When it comes to prison exploitation movies where the hero is forced to fight to stay alive, slugging it out against other inmates in brutal gladiatorial matches, there are no better films that Jamaa Fanaka's classic Penitentiary trilogy. Between those three films, you pretty much get everything you could ever hope to have in a prison movie--and even things you didn't know you wanted in a prison movie--making the Penitentiary films the stick by which all others must be measured. In fact, Fanaka's films are so brilliant, and cover so much territory, everything that has followed in their wake seems like a rip-off. Undisputed and Undisputed 2? Total rip offs of Penitentiary. And while it may not be a total rip-off, director Ringo Lam's In Hell, starring Jean-Claude Van Damme, really should have a special thanks to Fanaka in the credits, because nearly every great moment in this movie comes from his films.
Van Damme stars as Kyle, a loving husband living in Russia with his wife. The reason why Kyle and his wife are in Russia is pretty unimportant, it just makes a nice set up for when she is raped and murdered, and her killer gets off on a lack of evidence; which lead to Kyle going crazy and killing the man in front of the courthouse. This means he must go to prison in Russia, which sounds more menacing than going to prison in America or perhaps Bulgaria (which is where this was shot). Life in a Russian prison is pretty much what you would expect it to be, which is very much like a Canon Film from the 1980s--lots of big scary looking Slavic guys and a few Hispanic guys passing as Russians, all looking to cornhole the new inmates. As if anal rape in a prison where barely anyone speaks English is scary enough, the sadistic warden (Lloyd Battista) hosts bare-knuckle fight matches, in which inmates get to pummel each other to within an inch of their lives. After a few altercations with the guards and other inmates, Kyle is sent to solitary confinement, where he becomes lost within his own savage rage. When he comes out of solitary, Kyle is an animal who will fight anyone that crosses his path. But somehow, he miraculously realizes that he's more of a killing machine than a man, and Kyle vows to regain his humanity. Kyle's refusal to fight inspires the other prisoners, and earns the wrath of the warden, who decides to unleash Milos (Milos Milicevic), a hulking monstrosity that is kept locked up in solitary, and only brought out when the warden wants someone beaten to death.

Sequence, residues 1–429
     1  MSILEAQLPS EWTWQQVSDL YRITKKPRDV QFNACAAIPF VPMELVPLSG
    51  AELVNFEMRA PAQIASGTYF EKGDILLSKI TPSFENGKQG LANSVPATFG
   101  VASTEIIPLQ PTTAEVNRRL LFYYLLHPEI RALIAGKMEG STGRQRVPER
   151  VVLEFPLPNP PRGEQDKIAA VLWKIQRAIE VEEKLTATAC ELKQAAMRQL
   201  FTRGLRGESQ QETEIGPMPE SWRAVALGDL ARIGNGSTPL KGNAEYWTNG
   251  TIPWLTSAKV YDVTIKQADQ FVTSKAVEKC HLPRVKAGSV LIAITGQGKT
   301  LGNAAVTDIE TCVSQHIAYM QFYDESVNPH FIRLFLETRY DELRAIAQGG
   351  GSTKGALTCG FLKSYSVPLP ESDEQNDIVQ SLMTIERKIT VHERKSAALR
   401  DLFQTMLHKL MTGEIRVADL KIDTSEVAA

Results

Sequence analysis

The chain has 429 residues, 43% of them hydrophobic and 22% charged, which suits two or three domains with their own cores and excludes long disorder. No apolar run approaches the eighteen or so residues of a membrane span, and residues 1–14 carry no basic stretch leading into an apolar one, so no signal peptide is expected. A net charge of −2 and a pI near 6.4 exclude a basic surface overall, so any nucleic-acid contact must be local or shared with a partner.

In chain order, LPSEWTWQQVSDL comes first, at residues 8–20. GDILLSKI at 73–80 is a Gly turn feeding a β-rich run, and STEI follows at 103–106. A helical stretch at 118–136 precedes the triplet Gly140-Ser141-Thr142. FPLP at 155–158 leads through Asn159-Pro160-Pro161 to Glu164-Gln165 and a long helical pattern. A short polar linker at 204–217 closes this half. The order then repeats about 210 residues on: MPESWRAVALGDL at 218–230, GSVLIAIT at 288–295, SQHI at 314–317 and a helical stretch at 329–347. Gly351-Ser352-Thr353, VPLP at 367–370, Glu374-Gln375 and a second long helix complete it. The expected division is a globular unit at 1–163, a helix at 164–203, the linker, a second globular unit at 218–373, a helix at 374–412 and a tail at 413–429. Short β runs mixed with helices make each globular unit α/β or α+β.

There are times when In Hell seems confused about what sort of film it wants to be. At times it is a purely a prison exploitation flick, complete with every horrific cliché to be found in such movies, including the unsuspecting innocent prisoner who gets brutally sodomized, and the crazy cellmate that forces our hero to sleep with one eye open. But at other times, the film actually seems to be venturing into some artistic realm that examines the nature of existence, as one man first loses his humanity, and then fights to get it back. Sure, that's a common theme in most films of this nature, but In Hell tries to make it bit more arty farty than other entries into the genre. The result is not a complete failure--although it does become laughable at times when things get it a bit too earnest in the attempt to give this shallow epic a semblance of depth.
For what it is, In Hell isn't a bad movie. My biggest complaint with the movie is probably that the DVD packaging has a really stupid grammatical/spelling error, which is hardly a reason to hate a movie--even though it is ridiculous and overflowing with clichés. But all in all, In Hell is entertaining. Van Damme gives a solid performance that is better than much of his past work. Sure, this isn't on par with his work in JCVD--hand's down his finest moment as an actor--but he does manage to bring some range of emotion to the film. And while this isn't the revelatory or transcendent film that JCVD is, it is a cut above some of Van Damme's other movies.